Friday, June 9, 2017

An Australian witness to a 1926 sighting in the UK

I was re-reading a set of hand written notes by US researcher James E McDonald, which he wrote while in Australia in 1967. This material was obtained many years ago when a group of US researchers, including Dr Michael Swords, reviewed the McDonald collection at the University of Arizona.

Some of the notes were made at the same time that McDonald was interviewing witnesses to selected Australian sightings.

One of the sightings documented was from the UK in 1926! I thought it would be of interest to provide the details which McDonald recorded. McDonald's handwriting is very difficult to read at times, so in the following text, the use of (-) indicates that a word is illegible to me.

The individual whom McDonald interviewed was Mrs Mary Kibel of Melbourne.

'Was age 15 in Scotland. One (-) but permission to a charity concert at Scremerston, Northumberland. Home was in Berwick on Tweed.

Winter 1926. East Coast Scotland. Lived at sea level. Had to take a road from home and little traffic. Came down from (-). 4 - 2 boys and 2 girls. Talking and laughing. Suddenly a terrific swoosh. All (-) cowered. Road had a  high hedge (-). 12-15 ft high. Object swooped over hedge and over to field. All was cowering. Noise was (-) (-). Brilliant red and blue white. (-) glow. (-). Banding of colors. Swept over it +50ft. Went too fast to see shape but feels it was possibly round.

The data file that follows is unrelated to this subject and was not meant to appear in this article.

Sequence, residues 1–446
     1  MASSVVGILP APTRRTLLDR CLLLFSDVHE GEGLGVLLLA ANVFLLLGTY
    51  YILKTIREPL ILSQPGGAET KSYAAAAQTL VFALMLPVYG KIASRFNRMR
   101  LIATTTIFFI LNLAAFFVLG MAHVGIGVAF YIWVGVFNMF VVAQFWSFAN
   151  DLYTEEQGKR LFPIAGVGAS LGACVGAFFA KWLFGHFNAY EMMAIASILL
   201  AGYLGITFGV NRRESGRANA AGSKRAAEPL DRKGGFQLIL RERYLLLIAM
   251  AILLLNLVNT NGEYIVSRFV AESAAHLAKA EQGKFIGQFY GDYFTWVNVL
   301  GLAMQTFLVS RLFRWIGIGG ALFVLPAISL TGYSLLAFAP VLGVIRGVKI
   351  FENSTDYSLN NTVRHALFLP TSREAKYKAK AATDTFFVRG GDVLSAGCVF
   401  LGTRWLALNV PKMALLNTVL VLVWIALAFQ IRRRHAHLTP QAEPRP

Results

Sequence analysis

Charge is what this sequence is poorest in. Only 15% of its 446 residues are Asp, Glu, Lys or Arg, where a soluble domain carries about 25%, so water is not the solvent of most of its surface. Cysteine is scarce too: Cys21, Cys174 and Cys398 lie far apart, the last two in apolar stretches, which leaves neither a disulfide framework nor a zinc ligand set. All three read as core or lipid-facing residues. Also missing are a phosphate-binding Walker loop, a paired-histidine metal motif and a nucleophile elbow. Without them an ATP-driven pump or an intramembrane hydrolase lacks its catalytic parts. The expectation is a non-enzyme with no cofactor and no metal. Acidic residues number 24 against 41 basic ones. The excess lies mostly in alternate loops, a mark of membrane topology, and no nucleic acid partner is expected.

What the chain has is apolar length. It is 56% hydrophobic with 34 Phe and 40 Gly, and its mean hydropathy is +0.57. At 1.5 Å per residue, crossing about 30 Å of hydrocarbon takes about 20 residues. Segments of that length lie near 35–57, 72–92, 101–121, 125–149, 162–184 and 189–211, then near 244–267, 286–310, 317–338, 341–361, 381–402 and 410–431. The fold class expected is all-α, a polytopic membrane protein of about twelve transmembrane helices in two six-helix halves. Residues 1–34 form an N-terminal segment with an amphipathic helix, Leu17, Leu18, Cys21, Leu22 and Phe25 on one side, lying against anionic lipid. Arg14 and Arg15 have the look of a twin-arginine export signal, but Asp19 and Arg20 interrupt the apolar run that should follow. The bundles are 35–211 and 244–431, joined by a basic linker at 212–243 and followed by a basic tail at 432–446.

(-) (-) near to village, into homes. She (-) into houses, told by parents it was a falling star. Next AM, all decided if it was a falling star, must be in field. But when checked found nothing, so decided to forget it.

Three zones of color. White in middle, red on top, blue at bottom. She recalls saying to aunt it was colored just like the red-white-blue lifeboats at (-) station.

Hedges were ca. 25 ft apart. Object must have been 20 to 25 ft diam. It did not get down onto the roadway. Came d. a bit. Subtended ca. 20 degree angle. She (-) over.

Girl was Edith Ward (now Mrs Bruce.) Boy was Athol Whitfield (killed in war), John Brown also killed in war.'

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